Tucked away on the south bank of the St. Lawrence River, off the island of Montreal, the La Prairie suburban promenade may be Quebec’s best electoral landmark.
In the last three elections, the cities that make up the horse riding have elected deputies from three different parties: the NDP in 2011, the Liberals in 2015 and the Bloc Québécois in 2019.
It is something of a microcosm of Quebec as a whole, possibly the most volatile constituency of any province.
“When it comes to federal elections, Quebecers are very much the kings and queens of strategic voting,” says Christian Bourque of the Léger polling company.
According to a Léger poll of Quebec voters released Tuesday, the Liberals hold about 34 percent of the vote, while the Bloc Québécois lags behind at 30, the Conservatives at 19 and the NDP at 10.
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While there has been a conservative resurgence in polls at the national level, that hasn’t happened in Quebec, where polls have been relatively flat, but that could be changing.
After spending the first weeks of the federal election campaign as a spectator, Quebec Prime Minister François Legault joined last week and hopes to make a splash.
Legault is telling his supporters to avoid the NDP, the Green Party and the Liberals, saying his speech of stepping on provincial jurisdictions is dangerous.
“Now we have three leaders who propose to enter the jurisdiction of Quebec. We have three leaders who say they can oppose Bill 21 in court, three leaders who are not ready to give us more responsibility for choosing new immigrants, ”Legault said last week.
Legault is pressuring Quebec nationalists to vote for the Conservative Party. The Bloc Québécois, he says, cannot form a government.
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Political scientist Daniel Béland says the prime minister’s support may be a morale boost for Erin O’Toole’s troops, but says it may not translate into seats. They may have started the campaign too far back.
“The question now is whether the voters of CAQ (Coalition Avenir Quebec) will really side with what the prime minister said, or will they follow their own minds,” says Béland.
“I think we will have to monitor the polls very closely in the last few days before the vote to see if this is having an effect.”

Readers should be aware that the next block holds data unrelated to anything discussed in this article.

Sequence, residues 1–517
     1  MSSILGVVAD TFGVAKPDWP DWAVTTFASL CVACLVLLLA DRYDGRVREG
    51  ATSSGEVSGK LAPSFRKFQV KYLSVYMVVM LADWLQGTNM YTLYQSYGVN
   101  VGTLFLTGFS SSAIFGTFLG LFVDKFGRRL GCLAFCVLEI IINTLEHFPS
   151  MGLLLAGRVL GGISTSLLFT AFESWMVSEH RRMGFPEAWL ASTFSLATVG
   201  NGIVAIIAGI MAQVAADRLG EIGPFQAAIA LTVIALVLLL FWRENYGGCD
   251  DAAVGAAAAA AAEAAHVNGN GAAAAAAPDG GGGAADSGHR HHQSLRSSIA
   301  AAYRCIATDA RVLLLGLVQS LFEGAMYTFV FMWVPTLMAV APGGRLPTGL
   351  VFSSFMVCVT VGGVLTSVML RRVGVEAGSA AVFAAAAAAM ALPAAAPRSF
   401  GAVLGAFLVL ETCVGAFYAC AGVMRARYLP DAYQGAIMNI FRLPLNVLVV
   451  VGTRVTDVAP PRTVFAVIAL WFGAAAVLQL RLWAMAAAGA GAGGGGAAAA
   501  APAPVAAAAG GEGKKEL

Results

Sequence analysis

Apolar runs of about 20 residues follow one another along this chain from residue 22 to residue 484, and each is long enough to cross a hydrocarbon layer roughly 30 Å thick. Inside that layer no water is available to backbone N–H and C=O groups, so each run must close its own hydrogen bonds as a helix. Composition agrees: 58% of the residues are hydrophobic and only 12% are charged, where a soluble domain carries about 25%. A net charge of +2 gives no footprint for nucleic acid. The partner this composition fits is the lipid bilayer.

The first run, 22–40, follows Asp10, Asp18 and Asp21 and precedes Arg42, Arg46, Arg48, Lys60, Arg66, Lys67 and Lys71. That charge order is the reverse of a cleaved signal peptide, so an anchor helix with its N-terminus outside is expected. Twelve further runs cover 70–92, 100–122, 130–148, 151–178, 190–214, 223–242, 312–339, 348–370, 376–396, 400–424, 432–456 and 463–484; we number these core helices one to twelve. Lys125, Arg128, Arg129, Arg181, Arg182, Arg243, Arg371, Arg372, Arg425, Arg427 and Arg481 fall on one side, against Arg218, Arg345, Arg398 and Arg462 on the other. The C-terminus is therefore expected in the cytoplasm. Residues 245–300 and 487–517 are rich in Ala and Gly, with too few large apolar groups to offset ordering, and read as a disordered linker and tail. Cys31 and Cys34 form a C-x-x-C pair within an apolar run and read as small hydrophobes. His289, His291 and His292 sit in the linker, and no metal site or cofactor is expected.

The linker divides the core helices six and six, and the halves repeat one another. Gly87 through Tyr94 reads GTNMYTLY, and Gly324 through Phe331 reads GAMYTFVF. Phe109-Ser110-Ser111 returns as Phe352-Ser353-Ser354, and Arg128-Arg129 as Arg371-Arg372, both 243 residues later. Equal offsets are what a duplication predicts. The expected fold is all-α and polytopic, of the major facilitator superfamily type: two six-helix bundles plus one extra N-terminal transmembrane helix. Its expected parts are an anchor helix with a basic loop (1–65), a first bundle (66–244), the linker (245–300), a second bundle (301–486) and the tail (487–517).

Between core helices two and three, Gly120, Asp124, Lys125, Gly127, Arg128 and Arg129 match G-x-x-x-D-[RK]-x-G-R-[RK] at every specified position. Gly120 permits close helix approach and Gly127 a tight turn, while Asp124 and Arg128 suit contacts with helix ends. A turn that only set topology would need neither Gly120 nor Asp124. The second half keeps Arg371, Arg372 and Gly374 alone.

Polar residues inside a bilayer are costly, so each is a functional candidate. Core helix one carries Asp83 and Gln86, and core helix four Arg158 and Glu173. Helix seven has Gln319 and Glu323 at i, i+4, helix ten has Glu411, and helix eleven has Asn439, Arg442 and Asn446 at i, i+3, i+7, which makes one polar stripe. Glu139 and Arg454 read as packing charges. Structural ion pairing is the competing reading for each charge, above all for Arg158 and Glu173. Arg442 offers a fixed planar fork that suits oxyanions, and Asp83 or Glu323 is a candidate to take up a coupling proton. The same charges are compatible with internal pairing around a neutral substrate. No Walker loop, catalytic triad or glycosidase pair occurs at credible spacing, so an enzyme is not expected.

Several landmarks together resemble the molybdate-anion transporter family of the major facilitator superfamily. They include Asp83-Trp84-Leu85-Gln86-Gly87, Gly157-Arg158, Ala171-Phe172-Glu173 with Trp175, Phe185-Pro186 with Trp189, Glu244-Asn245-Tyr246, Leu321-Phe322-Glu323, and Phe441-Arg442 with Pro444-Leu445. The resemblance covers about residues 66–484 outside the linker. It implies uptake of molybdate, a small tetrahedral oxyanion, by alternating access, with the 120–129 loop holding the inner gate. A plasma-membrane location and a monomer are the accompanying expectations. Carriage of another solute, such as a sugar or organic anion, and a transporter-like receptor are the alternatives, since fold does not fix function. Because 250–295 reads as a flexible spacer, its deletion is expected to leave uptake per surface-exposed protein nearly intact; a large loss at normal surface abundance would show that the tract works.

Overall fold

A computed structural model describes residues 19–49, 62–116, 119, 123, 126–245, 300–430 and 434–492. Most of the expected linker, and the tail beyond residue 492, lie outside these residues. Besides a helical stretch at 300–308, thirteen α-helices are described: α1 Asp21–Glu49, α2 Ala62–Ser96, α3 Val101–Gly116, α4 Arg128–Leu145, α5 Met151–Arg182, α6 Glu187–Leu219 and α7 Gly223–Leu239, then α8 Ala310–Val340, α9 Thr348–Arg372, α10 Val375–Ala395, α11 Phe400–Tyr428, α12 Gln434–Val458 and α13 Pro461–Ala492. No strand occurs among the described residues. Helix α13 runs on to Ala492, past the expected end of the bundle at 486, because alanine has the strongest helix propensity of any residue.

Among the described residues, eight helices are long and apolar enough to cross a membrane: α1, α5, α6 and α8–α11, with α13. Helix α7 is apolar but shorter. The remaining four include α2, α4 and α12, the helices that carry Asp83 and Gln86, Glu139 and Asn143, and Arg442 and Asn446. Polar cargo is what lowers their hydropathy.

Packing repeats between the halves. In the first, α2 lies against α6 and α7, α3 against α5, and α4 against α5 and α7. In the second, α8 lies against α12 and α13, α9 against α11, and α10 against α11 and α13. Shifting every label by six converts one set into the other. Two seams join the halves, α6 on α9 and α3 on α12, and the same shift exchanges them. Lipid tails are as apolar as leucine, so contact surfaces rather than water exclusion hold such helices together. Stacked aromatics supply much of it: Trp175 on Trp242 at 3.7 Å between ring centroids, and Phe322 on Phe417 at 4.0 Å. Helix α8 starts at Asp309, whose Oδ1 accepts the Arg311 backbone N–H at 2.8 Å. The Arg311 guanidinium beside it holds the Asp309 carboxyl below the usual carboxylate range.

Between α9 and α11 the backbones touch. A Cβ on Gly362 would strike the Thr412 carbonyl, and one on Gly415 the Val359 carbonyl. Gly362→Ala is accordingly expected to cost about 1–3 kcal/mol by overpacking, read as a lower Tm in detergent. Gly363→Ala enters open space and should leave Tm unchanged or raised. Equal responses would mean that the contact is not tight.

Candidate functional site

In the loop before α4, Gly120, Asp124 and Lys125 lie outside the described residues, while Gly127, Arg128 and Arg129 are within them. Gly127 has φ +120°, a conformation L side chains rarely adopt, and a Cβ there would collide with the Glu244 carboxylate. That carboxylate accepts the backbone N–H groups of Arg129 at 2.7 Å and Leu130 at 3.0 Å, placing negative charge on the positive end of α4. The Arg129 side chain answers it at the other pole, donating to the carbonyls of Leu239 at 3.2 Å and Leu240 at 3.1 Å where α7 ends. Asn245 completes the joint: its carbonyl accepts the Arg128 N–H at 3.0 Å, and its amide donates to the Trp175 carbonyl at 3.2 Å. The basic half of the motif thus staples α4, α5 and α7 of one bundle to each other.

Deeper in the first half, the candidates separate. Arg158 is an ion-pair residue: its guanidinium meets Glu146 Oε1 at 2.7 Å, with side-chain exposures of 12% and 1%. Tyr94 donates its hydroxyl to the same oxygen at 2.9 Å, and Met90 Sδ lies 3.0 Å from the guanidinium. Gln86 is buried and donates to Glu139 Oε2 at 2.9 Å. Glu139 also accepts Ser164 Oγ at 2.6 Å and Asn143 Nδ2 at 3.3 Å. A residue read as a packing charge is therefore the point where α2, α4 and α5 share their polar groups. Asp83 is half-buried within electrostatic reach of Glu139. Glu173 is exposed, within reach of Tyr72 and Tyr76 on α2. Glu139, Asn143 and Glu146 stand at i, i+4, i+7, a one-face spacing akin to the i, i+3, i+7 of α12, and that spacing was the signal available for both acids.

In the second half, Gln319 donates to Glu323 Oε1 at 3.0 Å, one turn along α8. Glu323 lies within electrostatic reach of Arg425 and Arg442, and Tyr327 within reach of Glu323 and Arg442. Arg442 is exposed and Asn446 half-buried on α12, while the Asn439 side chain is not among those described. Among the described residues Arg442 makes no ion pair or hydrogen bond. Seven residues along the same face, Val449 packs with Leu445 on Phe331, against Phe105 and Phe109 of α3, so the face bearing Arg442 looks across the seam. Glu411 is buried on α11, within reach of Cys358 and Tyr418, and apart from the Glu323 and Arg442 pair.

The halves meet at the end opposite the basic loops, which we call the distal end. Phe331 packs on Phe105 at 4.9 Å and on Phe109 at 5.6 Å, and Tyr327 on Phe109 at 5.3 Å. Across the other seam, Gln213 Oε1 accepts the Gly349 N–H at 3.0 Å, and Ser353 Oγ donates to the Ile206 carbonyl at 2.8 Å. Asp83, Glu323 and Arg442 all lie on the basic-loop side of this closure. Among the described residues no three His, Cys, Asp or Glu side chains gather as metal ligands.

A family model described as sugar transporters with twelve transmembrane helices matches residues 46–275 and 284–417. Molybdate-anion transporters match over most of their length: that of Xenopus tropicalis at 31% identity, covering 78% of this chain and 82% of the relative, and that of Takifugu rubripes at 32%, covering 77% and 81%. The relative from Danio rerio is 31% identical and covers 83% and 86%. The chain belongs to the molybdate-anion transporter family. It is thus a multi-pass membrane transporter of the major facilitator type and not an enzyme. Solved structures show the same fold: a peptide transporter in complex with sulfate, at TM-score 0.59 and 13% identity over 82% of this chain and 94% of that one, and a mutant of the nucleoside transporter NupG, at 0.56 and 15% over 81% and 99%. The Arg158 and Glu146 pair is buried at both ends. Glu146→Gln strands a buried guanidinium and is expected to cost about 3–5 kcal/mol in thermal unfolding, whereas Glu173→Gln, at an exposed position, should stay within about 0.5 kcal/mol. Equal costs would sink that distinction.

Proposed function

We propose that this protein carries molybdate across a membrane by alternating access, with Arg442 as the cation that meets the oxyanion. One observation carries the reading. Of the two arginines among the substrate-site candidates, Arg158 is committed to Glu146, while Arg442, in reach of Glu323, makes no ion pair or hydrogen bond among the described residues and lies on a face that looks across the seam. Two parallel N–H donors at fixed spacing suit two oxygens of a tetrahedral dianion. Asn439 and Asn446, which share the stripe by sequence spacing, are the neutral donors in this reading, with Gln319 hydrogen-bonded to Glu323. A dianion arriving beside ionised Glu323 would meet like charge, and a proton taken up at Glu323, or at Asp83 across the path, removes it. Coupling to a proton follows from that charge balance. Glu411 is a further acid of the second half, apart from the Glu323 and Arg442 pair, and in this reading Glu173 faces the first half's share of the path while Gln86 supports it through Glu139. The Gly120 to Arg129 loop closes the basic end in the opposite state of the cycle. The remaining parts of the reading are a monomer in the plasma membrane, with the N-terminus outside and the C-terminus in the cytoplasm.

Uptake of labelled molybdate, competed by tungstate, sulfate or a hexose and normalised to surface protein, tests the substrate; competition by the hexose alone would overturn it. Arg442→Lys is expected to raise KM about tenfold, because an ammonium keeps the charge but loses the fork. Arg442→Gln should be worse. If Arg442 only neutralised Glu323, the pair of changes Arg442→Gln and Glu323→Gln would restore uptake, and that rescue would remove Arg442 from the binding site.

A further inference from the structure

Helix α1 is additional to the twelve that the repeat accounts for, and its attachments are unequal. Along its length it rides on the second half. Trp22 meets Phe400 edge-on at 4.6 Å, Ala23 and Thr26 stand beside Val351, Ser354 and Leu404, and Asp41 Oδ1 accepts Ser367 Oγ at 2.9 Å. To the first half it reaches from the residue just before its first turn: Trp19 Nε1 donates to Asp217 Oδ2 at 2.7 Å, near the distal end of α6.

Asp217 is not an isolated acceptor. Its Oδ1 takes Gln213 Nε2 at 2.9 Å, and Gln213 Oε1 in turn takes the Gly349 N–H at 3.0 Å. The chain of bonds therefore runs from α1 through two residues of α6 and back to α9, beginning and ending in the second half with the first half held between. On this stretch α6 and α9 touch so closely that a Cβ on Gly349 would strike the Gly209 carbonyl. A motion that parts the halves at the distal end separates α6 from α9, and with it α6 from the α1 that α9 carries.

Even after Legault’s criticism, leaders of the party he persecuted have avoided responding in kind, not for fear of angering the prime minister, but in case he discourages his supporters. Legault isn’t just one of the most popular releases in the country. It is one of the most popular of all time.
“Over the last 15 months, he’s had an approval rating close to 80 percent, which we’ve never seen,” says Bourque.
Leaders Defend Quebecers As Questions About Discrimination Raise After Debate
The other wild card over the past week was the debate from the English-language leaders and a controversial question from moderator Shachi Kurl, chairman of Angus Reid.
“You denied that Quebec has a problem with racism, but you defend laws like bills 96 and 21 that marginalize religious minorities, Anglophones and allophones. Quebec is recognized as a distinct society, but for those outside the province, help them understand why their party also supports these discriminatory laws, “Kurl asked the Bloc leader, Yves-François Blanchet.
Legault called the question an attack on the nation of Quebec, while liberal leader Justin Trudeau said it was neither acceptable nor appropriate for debate.
“As a Quebecer, I found that question really offensive,” Trudeau said Friday while campaigning in Hamilton.
The controversial question of Quebec in the English debate of the federal leaders
The emotional reaction seems to have given Bloc Québécois a leap in the polls. It is up a little over three percent since the debate.
The only problem with the Bill 21 question is how our leaders responded
The problem may not go away either. On Tuesday, the Quebec National Assembly adopted a unanimous motion asking for a formal apology from the Debate Broadcast Group that organized the debate.
“We call for an end to the Quebec attack, a phenomenon that hinders the proper functioning of the Canadian federation and that seeks to negatively generalize sensitive issues,” the motion reads.
A copy of the motion will be sent to the members of the broadcaster consortium, including Global News.
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